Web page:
Folk Music Albums Available on CD
Library of Congress and Rounder Records
Folk Music Compact Discs
The Library of Congress and Rounder Records joined together in a project to reissue on compact discs American folk music
from the legendary Library of Congress series Folk Music of the United States.
The original series, launched in 1942, was the first documentary anthology of
American folk music featuring field recordings drawn from the Library's Archive
of Folk Culture. [Library of Congress produced by Rounder are currently out of print. These may be available through dealers in used and out of print recordings.]
In a separate project, musician Stephen Wade produced a single CD anthology entitled A Treasury of Library of Congress Field Recordings. This CD provides an excellent introduction to the early
collections of the Archive, as well as a glimpse of American musical history
of the period.
Treasury of Library of Congress Field Recordings (Rounder CD 1500) Anthology of field recordings from the collections of
the Archive of Folk Culture 1933-46. Selected, annotated, and produced by
Stephen Wade, 1997.
Blues and Hollers (Rounder CD 1501) Originally edited by Marshall Sterns and issued in 1962,
this CD features African American musical traditions from the Mississippi
Delta country, recorded in 1941-42 by Alan Lomax from the Library of Congress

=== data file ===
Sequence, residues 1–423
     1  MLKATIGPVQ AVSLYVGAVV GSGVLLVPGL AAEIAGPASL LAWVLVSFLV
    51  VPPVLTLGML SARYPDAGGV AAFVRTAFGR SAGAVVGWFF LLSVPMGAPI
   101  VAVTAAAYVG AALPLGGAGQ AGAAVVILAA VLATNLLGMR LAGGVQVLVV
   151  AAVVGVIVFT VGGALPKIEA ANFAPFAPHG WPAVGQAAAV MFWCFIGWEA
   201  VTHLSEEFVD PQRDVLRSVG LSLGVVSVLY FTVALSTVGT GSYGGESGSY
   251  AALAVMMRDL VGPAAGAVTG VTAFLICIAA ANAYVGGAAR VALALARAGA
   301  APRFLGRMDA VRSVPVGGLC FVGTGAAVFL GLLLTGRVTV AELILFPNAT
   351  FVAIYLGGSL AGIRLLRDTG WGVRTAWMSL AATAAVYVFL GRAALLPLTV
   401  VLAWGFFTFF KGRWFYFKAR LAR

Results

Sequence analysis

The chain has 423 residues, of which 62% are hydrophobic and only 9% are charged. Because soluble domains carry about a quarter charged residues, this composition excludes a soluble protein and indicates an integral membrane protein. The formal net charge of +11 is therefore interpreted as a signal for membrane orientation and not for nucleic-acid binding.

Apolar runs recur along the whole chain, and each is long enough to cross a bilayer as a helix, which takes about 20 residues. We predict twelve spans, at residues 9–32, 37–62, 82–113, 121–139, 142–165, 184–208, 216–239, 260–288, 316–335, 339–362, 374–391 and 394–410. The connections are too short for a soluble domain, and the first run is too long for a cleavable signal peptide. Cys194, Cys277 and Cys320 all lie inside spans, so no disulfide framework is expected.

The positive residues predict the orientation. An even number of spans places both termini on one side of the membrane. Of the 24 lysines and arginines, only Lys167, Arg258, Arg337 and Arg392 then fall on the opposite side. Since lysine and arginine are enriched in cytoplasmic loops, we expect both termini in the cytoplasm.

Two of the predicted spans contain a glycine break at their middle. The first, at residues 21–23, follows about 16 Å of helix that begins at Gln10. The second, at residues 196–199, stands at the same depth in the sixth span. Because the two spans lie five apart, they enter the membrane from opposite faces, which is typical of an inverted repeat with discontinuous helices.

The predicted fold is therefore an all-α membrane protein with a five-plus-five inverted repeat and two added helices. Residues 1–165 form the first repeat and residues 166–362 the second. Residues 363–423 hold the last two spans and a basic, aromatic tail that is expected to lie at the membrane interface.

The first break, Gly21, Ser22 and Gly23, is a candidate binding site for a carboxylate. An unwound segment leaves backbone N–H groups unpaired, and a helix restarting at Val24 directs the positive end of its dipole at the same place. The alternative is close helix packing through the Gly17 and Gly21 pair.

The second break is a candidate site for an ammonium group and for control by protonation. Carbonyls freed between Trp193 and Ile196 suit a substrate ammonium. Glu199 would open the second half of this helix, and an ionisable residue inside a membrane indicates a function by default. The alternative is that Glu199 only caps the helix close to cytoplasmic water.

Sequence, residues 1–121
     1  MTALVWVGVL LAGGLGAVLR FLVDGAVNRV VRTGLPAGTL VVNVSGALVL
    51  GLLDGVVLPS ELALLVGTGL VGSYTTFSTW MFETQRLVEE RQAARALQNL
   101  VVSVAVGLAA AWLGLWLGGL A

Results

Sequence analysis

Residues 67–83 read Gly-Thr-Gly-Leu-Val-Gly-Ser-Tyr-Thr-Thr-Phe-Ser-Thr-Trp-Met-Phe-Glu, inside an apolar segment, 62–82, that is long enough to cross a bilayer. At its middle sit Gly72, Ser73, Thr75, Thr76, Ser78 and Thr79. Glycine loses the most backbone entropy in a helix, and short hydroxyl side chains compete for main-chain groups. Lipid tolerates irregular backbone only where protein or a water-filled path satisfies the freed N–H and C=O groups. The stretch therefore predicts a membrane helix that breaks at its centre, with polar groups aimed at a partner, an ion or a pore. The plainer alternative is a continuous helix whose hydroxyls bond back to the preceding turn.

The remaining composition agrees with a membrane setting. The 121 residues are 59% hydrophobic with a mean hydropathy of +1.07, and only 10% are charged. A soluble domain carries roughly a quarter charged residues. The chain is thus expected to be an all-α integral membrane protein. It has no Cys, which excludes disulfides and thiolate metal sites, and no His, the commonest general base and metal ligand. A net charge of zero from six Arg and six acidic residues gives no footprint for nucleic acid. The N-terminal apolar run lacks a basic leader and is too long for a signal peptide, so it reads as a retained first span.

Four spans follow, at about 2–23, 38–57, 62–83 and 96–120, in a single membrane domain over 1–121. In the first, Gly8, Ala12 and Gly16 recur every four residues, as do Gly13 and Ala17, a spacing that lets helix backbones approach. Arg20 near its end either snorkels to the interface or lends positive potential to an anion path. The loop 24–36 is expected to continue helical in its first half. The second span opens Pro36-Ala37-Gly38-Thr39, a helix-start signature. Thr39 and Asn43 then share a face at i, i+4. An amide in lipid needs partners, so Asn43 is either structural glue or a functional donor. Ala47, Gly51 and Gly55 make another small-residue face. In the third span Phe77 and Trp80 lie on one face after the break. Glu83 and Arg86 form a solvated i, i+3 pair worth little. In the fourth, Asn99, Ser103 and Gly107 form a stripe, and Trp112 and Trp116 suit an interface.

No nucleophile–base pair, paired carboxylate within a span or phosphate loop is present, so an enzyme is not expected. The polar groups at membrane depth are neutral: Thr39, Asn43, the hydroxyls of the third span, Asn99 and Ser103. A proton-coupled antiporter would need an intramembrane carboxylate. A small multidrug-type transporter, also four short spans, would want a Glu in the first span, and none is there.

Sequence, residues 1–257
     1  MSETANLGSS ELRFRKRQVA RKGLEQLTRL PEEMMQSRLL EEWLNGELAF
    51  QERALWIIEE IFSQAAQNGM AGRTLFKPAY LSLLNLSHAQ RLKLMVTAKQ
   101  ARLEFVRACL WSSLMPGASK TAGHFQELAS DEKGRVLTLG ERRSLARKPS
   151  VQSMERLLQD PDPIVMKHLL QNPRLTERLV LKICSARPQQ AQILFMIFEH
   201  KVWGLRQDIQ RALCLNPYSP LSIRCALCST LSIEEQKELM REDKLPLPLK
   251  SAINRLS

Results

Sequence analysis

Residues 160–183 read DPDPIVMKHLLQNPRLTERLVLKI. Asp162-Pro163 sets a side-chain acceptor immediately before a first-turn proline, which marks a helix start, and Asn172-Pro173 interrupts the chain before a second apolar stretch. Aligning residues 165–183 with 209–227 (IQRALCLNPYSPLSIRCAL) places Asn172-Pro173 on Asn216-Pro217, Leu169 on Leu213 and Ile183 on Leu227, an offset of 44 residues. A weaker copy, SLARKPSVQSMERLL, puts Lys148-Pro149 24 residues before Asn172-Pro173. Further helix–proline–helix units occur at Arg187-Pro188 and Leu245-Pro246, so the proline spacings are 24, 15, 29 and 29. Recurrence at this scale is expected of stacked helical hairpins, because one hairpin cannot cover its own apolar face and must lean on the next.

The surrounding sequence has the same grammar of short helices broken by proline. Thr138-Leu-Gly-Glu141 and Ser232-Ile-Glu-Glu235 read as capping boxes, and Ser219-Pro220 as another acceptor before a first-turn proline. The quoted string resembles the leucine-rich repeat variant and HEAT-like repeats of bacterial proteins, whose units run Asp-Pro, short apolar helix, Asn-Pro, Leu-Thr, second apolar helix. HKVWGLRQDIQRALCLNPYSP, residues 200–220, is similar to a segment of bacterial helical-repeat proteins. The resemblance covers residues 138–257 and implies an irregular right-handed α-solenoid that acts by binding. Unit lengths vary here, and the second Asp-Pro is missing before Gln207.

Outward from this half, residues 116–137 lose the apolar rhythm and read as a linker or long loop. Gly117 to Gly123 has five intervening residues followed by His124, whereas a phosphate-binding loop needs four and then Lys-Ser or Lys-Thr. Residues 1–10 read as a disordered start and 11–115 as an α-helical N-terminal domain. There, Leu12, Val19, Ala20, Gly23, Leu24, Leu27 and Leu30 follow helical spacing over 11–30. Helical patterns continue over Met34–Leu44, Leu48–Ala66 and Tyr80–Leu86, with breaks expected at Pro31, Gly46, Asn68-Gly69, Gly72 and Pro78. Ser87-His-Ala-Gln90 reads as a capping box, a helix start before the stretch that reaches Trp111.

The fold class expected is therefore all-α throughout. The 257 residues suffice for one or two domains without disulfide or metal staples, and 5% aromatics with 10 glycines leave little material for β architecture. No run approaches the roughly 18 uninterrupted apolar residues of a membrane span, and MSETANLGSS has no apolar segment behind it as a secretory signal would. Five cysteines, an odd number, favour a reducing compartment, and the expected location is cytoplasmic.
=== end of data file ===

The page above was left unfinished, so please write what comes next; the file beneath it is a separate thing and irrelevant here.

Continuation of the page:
and John W. Work and Lewis Jones from Fisk University.
and Ballads of the Anthracite Miners (Rounder CD 1502) This CD features the "minstals of the mine patch" in
the Pennsylvania anthracite region. Originally recorded and edited by George
Korson in 1946-47.
and Ballads of the Bituminous Miners (Rounder CD 1522) A companion to Songs and Ballads of the Anthracite Miners,
this album of mining songs, documented in 1940 by "folklorist of the coal
fields" George Korson, presents the performances of bituminous (soft coal)
miners, from the time before automation drastically changed the way their
work was done.
Harp Singing (Rounder CD 1503) Recorded at the thirty-seventh annual session of the
Alabama Sacred Harp Singing Convention at Birmingham, Alabama, by George
Pullen Jackson and Alan Lomax, 1942.
Hammons Family: The Traditions of a West Virginia Family and Their Friends (Rounder CD 1504/1505) A study of the music and way of life of a West Virginia